Skip navigation
IT professional working on laptop Alamy

Who Needs SRE as a Service?

There are a number of benefits — and risks — to outsourcing SRE instead of hiring your own site reliability engineers.

Want to take advantage of site reliability engineering, but without having to hire your own site reliability engineers?

SRE as a service — a relatively new type of offering in the outsourced IT services market, may be just what you need. Here's a look at how SRE as a service works, and why you may or may not want to use it.

What Is SRE as a Service?

SRE as a service, which is sometimes also called managed SRE, is a service through which a company delivers site reliability engineering support to another company using a managed services model.

What this means is that, with SRE as a service, you get the core services associated with site reliability engineering, such as the management of applications and infrastructure, in a way that minimizes downtime and performance risks. But instead of hiring your own engineers to do that work, which is the more common way to add SRE to an organization, you rely on a managed services provider to deliver the service for you.

Benefits of SRE as a Service

The main benefits of SRE as a service are the same as those for most managed services, including:

  • Fast and easy implementation: Since you don't have to worry about hiring your own SREs or integrating them into your company, you can get started with SRE quickly and easily when you outsource it.
  • Scalability: The SRE-as-a-service model makes it easy to scale your SRE resources up or down quickly as your needs change. That's harder to do when you have SREs on staff.
  • Low upfront cost: As with most managed services, you typically pay on an ongoing basis for SRE as a service, so there is no major upfront expense to worry about.
  • Access to broad expertise: SRE as a service can help a business connect to SREs who offer a broad range of expertise. If you hire your own SREs, it may be more difficult to find ones who have deep experience with a broad range of technologies, especially if your SRE team is relatively small.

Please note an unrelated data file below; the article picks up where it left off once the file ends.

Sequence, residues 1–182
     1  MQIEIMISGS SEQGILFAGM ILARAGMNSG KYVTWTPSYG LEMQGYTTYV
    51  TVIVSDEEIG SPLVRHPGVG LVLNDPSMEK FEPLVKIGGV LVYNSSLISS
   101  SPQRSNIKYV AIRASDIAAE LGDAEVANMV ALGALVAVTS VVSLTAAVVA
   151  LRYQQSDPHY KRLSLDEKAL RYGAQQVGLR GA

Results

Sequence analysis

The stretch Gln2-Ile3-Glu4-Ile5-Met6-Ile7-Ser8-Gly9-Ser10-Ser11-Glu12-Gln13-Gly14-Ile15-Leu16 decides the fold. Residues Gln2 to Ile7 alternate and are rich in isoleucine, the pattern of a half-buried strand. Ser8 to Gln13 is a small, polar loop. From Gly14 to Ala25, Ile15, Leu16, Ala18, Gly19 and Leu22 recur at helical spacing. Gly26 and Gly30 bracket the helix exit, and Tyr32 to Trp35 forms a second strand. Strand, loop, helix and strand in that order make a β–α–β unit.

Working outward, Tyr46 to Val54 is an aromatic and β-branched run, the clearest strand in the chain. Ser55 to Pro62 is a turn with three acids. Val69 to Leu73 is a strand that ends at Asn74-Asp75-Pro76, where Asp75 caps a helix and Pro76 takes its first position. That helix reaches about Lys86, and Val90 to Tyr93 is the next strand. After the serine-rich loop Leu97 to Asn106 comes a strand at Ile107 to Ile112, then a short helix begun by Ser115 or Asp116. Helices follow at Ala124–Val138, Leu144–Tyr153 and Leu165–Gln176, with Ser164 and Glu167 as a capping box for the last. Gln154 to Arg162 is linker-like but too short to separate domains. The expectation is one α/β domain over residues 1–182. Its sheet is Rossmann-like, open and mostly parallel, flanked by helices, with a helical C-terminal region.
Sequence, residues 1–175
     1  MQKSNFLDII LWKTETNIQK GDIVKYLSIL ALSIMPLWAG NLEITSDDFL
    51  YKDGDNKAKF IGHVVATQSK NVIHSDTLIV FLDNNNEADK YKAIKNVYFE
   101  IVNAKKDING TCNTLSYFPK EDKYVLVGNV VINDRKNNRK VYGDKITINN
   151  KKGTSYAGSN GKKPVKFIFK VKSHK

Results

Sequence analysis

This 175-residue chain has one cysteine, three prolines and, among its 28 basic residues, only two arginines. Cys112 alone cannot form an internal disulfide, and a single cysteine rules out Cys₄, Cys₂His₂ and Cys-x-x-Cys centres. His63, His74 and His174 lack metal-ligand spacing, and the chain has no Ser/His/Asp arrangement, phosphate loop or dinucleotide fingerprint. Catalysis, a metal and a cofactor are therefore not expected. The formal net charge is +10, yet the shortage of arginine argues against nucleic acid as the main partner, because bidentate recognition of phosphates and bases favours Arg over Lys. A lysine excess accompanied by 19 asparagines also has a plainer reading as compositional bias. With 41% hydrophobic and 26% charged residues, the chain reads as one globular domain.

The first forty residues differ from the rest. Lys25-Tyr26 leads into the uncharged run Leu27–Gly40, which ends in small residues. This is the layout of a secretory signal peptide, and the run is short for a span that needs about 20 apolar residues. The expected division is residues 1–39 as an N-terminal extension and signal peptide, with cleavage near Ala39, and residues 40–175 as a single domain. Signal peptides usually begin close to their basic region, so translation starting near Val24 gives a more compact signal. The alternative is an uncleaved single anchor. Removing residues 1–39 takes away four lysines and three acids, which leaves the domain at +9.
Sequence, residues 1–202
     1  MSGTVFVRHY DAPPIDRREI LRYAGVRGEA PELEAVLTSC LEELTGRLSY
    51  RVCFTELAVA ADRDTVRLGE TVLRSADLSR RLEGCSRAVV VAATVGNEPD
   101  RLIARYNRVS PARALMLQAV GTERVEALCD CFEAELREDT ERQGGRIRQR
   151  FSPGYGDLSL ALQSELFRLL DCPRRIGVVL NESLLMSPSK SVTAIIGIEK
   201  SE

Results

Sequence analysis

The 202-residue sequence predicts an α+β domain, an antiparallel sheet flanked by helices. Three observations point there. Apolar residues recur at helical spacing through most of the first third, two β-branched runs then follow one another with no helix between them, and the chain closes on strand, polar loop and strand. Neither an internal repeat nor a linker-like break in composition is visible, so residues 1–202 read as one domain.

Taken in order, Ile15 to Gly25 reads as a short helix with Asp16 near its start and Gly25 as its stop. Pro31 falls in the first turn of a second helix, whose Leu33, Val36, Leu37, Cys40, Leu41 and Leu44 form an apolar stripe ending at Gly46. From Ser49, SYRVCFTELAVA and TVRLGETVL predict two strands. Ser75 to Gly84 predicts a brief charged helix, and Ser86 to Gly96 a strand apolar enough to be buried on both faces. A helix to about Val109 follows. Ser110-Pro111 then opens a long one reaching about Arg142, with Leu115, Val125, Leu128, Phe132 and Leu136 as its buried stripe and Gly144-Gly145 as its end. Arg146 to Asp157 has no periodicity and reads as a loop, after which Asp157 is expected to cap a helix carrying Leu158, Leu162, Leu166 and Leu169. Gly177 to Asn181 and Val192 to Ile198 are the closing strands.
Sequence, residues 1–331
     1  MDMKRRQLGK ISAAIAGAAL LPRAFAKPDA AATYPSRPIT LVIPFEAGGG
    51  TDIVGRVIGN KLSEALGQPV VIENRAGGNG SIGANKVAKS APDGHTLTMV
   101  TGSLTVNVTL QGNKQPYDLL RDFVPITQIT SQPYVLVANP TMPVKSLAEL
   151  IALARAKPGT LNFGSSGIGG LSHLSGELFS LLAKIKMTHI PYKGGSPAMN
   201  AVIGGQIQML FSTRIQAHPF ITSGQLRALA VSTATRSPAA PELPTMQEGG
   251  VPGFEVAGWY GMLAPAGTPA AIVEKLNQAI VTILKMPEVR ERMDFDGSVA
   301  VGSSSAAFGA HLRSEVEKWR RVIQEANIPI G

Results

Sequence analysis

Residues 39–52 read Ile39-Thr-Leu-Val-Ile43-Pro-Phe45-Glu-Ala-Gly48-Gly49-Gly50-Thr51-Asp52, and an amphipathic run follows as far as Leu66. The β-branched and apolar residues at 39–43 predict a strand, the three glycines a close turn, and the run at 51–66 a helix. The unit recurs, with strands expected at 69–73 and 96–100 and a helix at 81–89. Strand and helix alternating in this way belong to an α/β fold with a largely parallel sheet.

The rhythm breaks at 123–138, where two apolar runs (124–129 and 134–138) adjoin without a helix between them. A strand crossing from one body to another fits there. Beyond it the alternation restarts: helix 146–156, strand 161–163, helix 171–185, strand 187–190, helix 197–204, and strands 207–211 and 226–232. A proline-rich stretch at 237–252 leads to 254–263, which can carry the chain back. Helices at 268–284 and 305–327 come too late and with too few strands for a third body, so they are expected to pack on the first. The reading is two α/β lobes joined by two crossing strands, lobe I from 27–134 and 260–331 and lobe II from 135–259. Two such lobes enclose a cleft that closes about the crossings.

In short, then, SRE as a service provides a simpler, lower-risk way to get started with site reliability engineering.

Risks and Disadvantages of Outsourced SREs

That said, there are some important potential downsides to consider before deciding to outsource SRE.

One is that SRE as a service is likely to cost more in the long run than hiring your own SREs. If you can afford to fund full-time, in-house SRE roles, and your business needs those roles, that's likely to be a more cost-effective approach than outsourcing SRE.

Another challenge is that the outsourced SREs may never get to know your systems and reliability requirements in as much detail as an on-staff site reliability engineer would. Nor are they likely to build very close relationships with your developers and IT engineers, which means it could be harder for everyone to collaborate around resolving incidents.

Outsourced SRE firms could also end your contract, leaving you in the lurch as you search to replace the SRE expertise they had provided to you. SRE employees could always leave, too, but if you have more than a few of them, it's unlikely that the departure of one SRE will seriously disrupt your business.

Consider, too, that because SRE as a service remains a pretty new type of service, there aren't a lot of providers at present. It may be difficult to find a company specializing in outsourced SRE, especially if you need a provider who is able to send site reliability engineers to a specific local site — as opposed to delivering services remotely.

So, Who Should Use SRE as a Service?

All in all, outsourcing SRE services makes most sense in situations like the following:

  • You're a small organization and don't have the need or budget for full-time SREs, but still want to get an SRE's advice on optimizing reliability.
  • You're considering building an in-house SRE team, but you first want to evaluate SRE as a practice and validate that it will truly benefit your business. In this case, SRE as a service offers a means of "trying out" SRE before committing to full-time hires.
  • You're unsure how many SREs your business will need, or you think that your reliability management requirements may fluctuate over time.
  • You already have some site reliability engineers on staff but you want to supplement them with an outsourced SRE service, which your in-house SREs can draw on when they need extra help.
  • You already have in-house SREs, but they don't know certain technologies that you need to support, and outsourced SREs can address those technologies.

Where Can You Get SRE as a Service?

Again, companies that provide SRE as a service are currently limited in number. But some managed services providers (MSPs) offer this type of solution. If you're looking for an outsourced SRE company for your business's industry or domain, start by asking MSPs who focus on those niches if they provide, or would consider providing, outsourced SREs.

You could also look into hiring a freelance SRE, which isn't quite the same thing as SRE as a service but provides a similar level of flexibility.


Hide comments


  • Allowed HTML tags: <em> <strong> <blockquote> <br> <p>

Plain text

  • No HTML tags allowed.
  • Web page addresses and e-mail addresses turn into links automatically.
  • Lines and paragraphs break automatically.